B Cell Function

B cells play a fundamental role in the adaptive immune system. Their primary function is antibody production, but they also act as antigen-presenting and cytokine secreting cells. B cells can be divided into discrete subsets of regulatory and effector cells based on their cytokine secretion, as regulatory cells produce immunosuppressive IL-10 and TGFβ, while effector cells can amplify immune responses with IL-2, IL-4, IL-6, or IFNγ, IL-12, and TNFα.4 In addition, B cells are regarded as antigen-presenting cells, as they take up antigens, generate MHC-II/peptide complexes, and expose them on their surface for presentation to TH cells.5

B cell activation

Regulatory B Cell Function

Regulatory B cells (Bregs) act as suppressors to modulate the immune system and inhibit inflammation from overexpression. To do this, they produce anti-inflammatory mediators, induce death with ligand-mediated apoptosis, and regulate the proliferation and differentiation of immune cells.6 For example, Bregs produce IL-10 to suppress the proliferation and cytokine production of T cells, and induce regulatory T cells to prevent inflammation. Individuals with multiple sclerosis have a reduced capacity to secrete IL-10, suggesting an important role for Bregs in modulating the immune response.7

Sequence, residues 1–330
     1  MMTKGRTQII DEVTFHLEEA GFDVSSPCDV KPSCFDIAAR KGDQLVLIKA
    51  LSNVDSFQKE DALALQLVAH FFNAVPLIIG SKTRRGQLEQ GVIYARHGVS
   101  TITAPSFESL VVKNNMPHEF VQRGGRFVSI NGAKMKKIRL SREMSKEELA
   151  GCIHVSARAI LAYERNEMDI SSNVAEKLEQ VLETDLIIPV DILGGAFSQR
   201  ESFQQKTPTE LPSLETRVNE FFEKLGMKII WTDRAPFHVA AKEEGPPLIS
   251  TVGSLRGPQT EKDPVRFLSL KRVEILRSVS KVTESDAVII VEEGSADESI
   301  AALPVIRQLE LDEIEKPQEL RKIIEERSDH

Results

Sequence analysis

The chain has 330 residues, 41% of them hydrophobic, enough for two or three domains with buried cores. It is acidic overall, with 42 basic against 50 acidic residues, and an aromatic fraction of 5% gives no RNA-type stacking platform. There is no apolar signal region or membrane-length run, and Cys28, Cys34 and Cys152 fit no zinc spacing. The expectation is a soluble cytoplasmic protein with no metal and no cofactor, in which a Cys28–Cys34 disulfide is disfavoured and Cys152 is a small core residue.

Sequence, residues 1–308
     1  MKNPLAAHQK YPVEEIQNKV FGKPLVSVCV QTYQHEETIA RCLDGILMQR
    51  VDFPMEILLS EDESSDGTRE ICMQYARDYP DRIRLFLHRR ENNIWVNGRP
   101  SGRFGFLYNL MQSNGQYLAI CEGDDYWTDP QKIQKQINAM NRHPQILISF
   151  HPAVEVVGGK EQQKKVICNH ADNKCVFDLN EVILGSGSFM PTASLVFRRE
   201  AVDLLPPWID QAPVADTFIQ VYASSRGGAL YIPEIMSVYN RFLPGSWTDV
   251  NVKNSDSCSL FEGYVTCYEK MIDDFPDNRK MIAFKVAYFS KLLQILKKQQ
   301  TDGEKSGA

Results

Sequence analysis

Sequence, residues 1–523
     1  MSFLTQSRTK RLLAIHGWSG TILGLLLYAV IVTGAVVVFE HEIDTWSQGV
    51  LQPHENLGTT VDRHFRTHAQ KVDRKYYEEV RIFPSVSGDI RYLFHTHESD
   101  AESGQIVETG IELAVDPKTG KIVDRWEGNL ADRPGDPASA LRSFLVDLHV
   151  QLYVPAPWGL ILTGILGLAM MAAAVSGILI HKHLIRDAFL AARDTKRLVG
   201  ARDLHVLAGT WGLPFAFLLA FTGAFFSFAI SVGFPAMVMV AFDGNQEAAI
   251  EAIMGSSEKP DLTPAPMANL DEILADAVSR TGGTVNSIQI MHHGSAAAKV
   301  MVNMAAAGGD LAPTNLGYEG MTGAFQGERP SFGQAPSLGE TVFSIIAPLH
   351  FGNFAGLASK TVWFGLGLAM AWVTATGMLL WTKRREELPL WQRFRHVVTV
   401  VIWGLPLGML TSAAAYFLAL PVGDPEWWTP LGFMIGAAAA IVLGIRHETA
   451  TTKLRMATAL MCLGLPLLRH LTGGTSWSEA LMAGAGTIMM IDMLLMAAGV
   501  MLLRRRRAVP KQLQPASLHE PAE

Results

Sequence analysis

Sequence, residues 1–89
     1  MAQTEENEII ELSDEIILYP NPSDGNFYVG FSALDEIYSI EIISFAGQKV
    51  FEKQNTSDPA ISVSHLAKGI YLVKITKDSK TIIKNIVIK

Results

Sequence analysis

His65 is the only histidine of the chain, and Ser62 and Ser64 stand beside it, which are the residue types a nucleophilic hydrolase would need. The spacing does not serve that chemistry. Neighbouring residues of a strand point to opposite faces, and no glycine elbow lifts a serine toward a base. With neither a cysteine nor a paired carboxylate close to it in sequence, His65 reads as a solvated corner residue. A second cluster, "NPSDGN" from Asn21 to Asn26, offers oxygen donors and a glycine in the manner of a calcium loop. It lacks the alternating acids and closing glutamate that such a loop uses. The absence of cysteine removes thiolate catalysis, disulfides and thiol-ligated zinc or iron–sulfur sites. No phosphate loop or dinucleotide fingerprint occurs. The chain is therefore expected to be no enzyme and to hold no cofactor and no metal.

Plasma Cell Function

Plasma cells secrete hundreds of thousands of antigen-specific antibodies per second into the blood and lymphatic system when activated by a pathogen. These antibodies specifically bind to the pathogen to cause inactivation, trigger the destruction of bacterial cells by complement- or NK cell-mediated lysis, and promote phagocytosis with opsonization. Recent research suggests further functions of plasma cells in the regulation of autoimmune responses, the interaction with stromal cells to initiate hematopoiesis, and gut microbial homeostasis through the production of IgA.8

Memory Cell Function

Memory cells circulate in the body in a quiescent state and do not produce antibodies until a specific antigen is re-encountered, activating pathogen-induced differentiation into plasma cells which then secrete IgG antibodies. Memory cells retain their antigens and produce a more intense antibody response to lower amounts of antigen, without any interaction of TH cells.9

The Role of B Cells in Health and Disease